Families Divided by China's Changing Values Take Lixin Fan's 'Last Train Home'
It’s an annual tradition created by accelerated modernization, an expanding economy and the world’s largest populace: Each year, 130 million Chinese peasants, displaced from their villages to work in urban factories, crowd train stations to return home for the lunar New Year.
Lixin Fan’s insightful new documentary Last Train Home, a featured selection at this year's San Francisco Film Festival, captures the phenomenon at its alarmingly frantic peak, concentrating on a single family, the Zhangs, divided by harsh economic realities and struggling to cope with the strain.
Fan, whose directorial debut stays impressively focused despite the vastness of his subject, also distinguishes himself here as the cinematographer behind the film's sweeping portrait of the world's largest annual migration. It is a breathtaking spectacle, created by bustling crowds so densely populated that Times Square on New Year's Eve seems roomy by comparison, yet amid the chaos Fan highlights factory workers Zhang Changhua and Chen Suqin, a married couple returning home to visit the children they barely know.
The sacrifices Changhua and his wife have made to provide better lives for Qin, their teenage daughter, and younger son Yang, are significant: For 16 years, they have toiled away at their sewing machines, manufacting garments for export in a city, Guangzhou, more than a thousand miles removed from their rural home in the Sichuan province. Yet their absence, however selflessly motivated, has taken its toll.
Qin, who splits her time between school and subsistence farmwork, resents the parents who reluctantly left her to be raised by her grandmother. She craves the modern conveniences of the city, where so many of her friends have already migrated to chase their dreams of comfortable living. And she defiantly turns a deaf ear to Chen Suqin, who stresses the importance of good grades and a well-rounded education.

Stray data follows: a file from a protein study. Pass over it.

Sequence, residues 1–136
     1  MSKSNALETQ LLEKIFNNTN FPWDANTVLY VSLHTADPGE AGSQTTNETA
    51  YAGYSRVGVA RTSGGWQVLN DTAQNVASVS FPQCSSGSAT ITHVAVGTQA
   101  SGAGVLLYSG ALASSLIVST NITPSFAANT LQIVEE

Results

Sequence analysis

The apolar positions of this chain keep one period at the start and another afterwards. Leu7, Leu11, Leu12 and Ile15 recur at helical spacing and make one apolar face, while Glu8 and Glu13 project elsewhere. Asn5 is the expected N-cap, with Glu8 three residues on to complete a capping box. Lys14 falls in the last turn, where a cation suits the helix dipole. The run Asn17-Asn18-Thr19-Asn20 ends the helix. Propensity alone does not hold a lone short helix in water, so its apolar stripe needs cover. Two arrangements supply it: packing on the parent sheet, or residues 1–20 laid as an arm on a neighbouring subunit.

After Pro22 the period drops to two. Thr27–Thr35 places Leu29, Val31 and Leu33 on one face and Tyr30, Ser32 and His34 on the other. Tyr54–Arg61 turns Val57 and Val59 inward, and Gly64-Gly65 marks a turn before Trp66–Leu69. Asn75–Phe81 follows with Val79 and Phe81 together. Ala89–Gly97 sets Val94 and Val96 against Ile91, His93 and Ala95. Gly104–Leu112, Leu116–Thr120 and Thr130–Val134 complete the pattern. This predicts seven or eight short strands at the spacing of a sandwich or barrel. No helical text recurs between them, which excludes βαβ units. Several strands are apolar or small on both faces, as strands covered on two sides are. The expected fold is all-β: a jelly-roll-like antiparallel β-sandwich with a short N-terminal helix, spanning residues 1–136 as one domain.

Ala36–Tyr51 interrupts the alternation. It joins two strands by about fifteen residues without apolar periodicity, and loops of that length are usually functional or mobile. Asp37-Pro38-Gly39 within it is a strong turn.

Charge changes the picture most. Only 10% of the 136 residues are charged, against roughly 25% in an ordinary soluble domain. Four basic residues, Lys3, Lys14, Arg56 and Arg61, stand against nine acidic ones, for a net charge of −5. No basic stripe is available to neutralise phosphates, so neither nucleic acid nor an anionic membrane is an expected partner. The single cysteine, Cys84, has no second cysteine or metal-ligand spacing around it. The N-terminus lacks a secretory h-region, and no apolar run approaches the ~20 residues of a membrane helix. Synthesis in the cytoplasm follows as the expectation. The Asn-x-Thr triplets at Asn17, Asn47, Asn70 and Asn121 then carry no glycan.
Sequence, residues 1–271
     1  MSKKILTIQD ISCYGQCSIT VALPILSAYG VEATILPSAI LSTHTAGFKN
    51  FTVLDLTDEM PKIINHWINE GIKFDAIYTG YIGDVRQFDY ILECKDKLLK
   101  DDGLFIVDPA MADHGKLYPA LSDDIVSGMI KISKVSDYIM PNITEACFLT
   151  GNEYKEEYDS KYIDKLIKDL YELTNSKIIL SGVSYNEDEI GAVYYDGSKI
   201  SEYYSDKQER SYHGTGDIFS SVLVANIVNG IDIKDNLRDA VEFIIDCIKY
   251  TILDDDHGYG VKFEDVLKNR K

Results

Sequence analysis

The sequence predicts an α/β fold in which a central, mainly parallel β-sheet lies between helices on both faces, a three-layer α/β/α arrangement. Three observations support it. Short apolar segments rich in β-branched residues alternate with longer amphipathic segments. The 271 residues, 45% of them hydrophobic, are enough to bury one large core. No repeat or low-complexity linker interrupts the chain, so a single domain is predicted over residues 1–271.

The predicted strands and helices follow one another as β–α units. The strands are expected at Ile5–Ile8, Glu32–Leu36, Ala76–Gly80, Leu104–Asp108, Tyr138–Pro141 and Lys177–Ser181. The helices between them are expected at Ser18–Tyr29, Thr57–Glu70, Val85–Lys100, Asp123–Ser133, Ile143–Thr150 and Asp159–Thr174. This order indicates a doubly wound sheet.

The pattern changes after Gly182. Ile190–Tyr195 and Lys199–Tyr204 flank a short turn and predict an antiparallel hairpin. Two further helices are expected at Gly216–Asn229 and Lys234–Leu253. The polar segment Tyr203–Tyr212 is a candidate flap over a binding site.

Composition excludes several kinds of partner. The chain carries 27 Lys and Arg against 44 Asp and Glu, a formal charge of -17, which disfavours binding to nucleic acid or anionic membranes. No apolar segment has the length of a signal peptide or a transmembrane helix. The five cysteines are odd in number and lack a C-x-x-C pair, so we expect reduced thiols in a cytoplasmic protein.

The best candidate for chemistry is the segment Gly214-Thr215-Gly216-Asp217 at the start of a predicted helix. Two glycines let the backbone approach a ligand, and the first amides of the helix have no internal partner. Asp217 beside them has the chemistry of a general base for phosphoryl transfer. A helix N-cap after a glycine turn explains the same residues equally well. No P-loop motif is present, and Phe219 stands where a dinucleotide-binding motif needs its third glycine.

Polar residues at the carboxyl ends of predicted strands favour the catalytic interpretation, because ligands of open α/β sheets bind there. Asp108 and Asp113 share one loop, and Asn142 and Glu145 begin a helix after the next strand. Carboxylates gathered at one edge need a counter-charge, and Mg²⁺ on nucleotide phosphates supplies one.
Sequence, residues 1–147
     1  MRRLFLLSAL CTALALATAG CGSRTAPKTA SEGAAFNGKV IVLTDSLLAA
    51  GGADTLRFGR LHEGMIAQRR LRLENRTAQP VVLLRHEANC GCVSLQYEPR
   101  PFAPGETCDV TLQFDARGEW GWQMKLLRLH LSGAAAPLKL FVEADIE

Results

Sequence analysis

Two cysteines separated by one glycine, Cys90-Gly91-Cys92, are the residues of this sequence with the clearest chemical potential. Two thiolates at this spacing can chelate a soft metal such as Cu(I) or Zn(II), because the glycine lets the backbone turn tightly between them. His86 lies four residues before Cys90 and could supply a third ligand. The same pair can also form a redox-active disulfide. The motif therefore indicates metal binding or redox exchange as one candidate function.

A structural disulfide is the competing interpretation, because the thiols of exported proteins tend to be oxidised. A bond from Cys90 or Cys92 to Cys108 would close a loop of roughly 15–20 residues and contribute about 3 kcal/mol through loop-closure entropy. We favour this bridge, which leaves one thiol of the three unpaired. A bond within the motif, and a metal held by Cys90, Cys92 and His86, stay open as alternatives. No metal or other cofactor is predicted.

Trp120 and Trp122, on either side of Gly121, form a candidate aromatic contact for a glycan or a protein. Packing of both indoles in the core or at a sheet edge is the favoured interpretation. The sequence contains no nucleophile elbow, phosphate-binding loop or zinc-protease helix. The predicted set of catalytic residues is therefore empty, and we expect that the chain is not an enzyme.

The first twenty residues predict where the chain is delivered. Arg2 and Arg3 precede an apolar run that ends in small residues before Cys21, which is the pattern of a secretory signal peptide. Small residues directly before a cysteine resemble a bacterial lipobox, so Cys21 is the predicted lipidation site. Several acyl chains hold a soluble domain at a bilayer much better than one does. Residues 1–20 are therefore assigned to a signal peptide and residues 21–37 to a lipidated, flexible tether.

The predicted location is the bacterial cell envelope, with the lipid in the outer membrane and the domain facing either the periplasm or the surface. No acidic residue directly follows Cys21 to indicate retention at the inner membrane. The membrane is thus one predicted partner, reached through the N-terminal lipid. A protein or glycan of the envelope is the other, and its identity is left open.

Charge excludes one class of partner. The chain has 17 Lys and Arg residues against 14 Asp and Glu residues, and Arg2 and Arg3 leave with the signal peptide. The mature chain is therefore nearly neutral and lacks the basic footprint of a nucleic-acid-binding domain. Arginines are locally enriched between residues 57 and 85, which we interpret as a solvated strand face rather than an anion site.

The Zhangs are a family estranged, as much by the living conditions dictated by China's economy but also by the changing values of an ever-evolving society. Home, filmed over the course of three years, lingers long enough to witness Qin's rejection of life on the farm – to her mother's dismay, she leaves school to become a factory hand. Whether she has improved her lot or merely resigned herself to the false promise of a dead-end job remains in question.
That is the tragedy of Fan's deeply affecting documentary, in which the Zhangs and so many others like them, who pack the trains each year for an abbreviated glimpse of their homes and loved ones, share little but a common bond of futility.
Last Train Home is now playing at the Lumiere Theatre. For tickets and showtimes, click here.
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